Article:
By Susan Kelly for Healthcare Dive
- Doctors’ incomes are on the rise again, after stagnating and in many cases declining when practices closed and patients stayed home at the start of the COVID-19 pandemic, according to a new physician compensation report from Medscape. Pay increases by specialty ranged from 13% for otolaryngology to 1% for critical care.
- Income rose across more than two dozen specialties in the report, a first since the medical information site began publishing its compensation survey 11 years ago, though the broad-based strength may reflect some catch-up from the year before. The 2022 report also showed that gender and racial and ethnic gaps persist.
- Overall, physicians earned $339,000 on average last year, with specialists making $368,000 and primary care doctors earning $260,000, Medscape found. Total compensation figures include salary, bonuses and profit-sharing contributions for employed physicians, and earnings after taxes and deductible business expenses before income tax for self-employed doctors.
While not every physician’s salary improves each year, the Medscape survey found that in general, doctors’ incomes have been on an upward slope since 2015, increasing by a cumulative 29%. That includes a 33% boost for primary care physicians over the past seven years and a 30% increase for specialists.
The survey, conducted Oct. 5 to Jan. 19, echoes findings from a similar compensation review by the medical network Doximity, in which physicians reported their paychecks grew by 3.8% overall from 2020 to 2021, up from a 1.5% gain the year before.
Still, 21% of doctors in the Medscape poll saw their income decline in the latest period versus a year ago. Most respondents (70%) attributed the drop in pay to pandemic-related factors, including job loss, reduction in hours, or reduced patient volume, while 44% linked their income reduction to issues unrelated to COVID-19. In the first year of the pandemic, 92% said the public health emergency had dented their earnings.
The analysis found the income gap between men and women in primary care has widened slightly over the past decade, even as overall salaries have risen. Men earned 25% bigger paychecks on average than women in this year’s survey, compared with 23% in 2012. But the gender gap among specialists, at 31%, is narrower than the 37% reported in 2017, possibly because more women are entering higher-paying specialties, the report said.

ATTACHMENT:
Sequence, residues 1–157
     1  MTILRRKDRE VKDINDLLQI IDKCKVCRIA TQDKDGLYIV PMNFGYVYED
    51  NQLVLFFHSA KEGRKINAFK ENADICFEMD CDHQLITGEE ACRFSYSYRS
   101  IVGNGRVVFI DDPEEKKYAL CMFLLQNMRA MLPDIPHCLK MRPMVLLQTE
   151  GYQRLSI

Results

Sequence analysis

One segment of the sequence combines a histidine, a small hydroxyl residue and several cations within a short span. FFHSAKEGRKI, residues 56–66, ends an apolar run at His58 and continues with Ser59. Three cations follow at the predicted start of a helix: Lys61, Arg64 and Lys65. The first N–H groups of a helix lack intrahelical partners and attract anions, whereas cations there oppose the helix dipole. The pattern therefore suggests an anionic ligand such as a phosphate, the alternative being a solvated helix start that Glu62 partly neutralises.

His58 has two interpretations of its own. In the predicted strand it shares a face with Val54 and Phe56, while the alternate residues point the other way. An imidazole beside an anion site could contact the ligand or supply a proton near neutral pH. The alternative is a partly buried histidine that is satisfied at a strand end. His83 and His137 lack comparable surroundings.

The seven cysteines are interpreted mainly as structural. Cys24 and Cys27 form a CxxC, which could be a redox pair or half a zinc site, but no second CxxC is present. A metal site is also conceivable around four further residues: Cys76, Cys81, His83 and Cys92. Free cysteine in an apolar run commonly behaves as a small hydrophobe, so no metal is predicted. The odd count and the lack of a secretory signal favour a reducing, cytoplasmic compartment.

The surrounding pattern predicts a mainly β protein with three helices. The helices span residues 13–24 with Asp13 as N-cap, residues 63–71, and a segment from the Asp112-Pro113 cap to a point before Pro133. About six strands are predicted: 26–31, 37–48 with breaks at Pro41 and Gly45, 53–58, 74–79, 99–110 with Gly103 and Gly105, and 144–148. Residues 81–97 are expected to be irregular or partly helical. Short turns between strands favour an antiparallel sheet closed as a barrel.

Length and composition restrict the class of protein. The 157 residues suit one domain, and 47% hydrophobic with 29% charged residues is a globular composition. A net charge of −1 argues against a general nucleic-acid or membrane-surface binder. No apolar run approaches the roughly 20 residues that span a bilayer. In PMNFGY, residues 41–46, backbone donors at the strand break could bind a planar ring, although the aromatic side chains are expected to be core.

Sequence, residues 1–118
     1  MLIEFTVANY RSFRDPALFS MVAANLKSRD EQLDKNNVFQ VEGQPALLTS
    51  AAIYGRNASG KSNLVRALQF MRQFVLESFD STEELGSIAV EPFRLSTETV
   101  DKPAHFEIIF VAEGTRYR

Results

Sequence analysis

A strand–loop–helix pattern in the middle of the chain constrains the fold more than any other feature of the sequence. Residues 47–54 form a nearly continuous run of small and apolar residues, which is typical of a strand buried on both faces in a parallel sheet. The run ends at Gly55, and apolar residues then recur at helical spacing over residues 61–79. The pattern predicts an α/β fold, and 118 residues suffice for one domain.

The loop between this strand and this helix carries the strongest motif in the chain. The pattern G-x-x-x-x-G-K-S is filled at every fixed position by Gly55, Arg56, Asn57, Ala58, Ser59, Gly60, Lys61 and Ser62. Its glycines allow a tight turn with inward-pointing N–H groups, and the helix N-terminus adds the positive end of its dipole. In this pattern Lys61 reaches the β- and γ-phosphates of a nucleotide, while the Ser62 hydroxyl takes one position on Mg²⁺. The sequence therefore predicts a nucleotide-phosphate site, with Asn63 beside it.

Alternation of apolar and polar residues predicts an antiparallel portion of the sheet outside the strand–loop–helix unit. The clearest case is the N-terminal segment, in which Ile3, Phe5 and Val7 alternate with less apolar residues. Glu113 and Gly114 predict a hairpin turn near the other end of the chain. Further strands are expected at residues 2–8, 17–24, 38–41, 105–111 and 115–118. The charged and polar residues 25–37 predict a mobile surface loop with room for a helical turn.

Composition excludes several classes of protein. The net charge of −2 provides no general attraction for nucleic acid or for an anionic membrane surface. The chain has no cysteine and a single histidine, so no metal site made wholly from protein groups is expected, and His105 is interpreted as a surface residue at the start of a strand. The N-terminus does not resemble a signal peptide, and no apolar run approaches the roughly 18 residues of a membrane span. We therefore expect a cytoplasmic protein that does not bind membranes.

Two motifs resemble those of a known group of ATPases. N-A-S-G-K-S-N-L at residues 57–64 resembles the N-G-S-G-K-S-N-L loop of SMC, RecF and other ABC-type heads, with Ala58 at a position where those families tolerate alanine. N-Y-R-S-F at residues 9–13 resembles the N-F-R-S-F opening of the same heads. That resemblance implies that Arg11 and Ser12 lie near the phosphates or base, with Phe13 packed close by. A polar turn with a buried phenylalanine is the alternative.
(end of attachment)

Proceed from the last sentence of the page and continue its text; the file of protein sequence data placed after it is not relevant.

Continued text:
Physicians of all racial and ethnic groups saw their incomes rise over the past five years, but Black, Hispanic and Asian American doctors trail their white counterparts in compensation, at $313,000, $328,000 and $329,000, compared to $346,000, respectively.
The report also found that 36% of physicians took on extra work to supplement their income, with 19% doing other medical-related work, 6% adding more hours in their primary job and 6% accepting non-medical work.
Of the various specialties tracked in the Medscape survey, the top-paying were plastic surgery at $576,000, orthopaedics at $557,000, cardiology at $490,000, otolaryngology at $469,000 and urology at $461,000. At the low end were infectious diseases at $260,000, diabetes and endocrinology at $257,000, family medicine at $255,000, pediatrics at $244,000, and public health and preventive medicine at $243,000.
Orthopaedic specialists received the largest incentive bonuses this year, at an average $126,000, followed by physicians specializing in ophthalmology, cardiology, gastroenterology and urology. At the low end for bonuses were pediatricians, with an average bonus of $28,000. In all, 57% of doctors in the survey received incentive bonuses.